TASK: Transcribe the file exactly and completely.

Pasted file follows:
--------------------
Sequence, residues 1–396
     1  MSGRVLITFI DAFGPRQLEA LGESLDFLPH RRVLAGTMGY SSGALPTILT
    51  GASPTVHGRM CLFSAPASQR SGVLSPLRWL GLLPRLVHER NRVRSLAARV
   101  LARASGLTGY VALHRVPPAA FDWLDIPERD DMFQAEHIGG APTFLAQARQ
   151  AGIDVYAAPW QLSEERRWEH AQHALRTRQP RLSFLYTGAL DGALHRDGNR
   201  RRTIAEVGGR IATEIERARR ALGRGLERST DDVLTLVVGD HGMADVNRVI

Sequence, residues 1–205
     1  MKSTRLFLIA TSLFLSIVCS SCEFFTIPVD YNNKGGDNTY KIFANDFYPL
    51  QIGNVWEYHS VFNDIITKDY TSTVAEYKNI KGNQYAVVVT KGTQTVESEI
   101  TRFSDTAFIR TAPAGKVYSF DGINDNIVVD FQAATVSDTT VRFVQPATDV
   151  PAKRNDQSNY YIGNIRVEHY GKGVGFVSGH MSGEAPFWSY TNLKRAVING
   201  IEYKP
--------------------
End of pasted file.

Sequence, residues 1–396
     1  MSGRVLITFI DAFGPRQLEA LGESLDFLPH RRVLAGTMGY SSGALPTILT
    51  GASPTVHGRM CLFSAPASQR SGVLSPLRWL GLLPRLVHER NRVRSLAARV
   101  LARASGLTGY VALHRVPPAA FDWLDIPERD DMFQAEHIGG APTFLAQARQ
   151  AGIDVYAAPW QLSEERRWEH AQHALRTRQP RLSFLYTGAL DGALHRDGNR
   201  RRTIAEVGGR IATEIERARR ALGRGLERST DDVLTLVVGD HGMADVNRVI

Sequence, residues 1–205
     1  MKSTRLFLIA TSLFLSIVCS SCEFFTIPVD YNNKGGDNTY KIFANDFYPL
    51  QIGNVWEYHS VFNDIITKDY TSTVAEYKNI KGNQYAVVVT KGTQTVESEI
   101  TRFSDTAFIR TAPAGKVYSF DGINDNIVVD FQAATVSDTT VRFVQPATDV
   151  PAKRNDQSNY YIGNIRVEHY GKGVGFVSGH MSGEAPFWSY TNLKRAVING
   201  IEYKP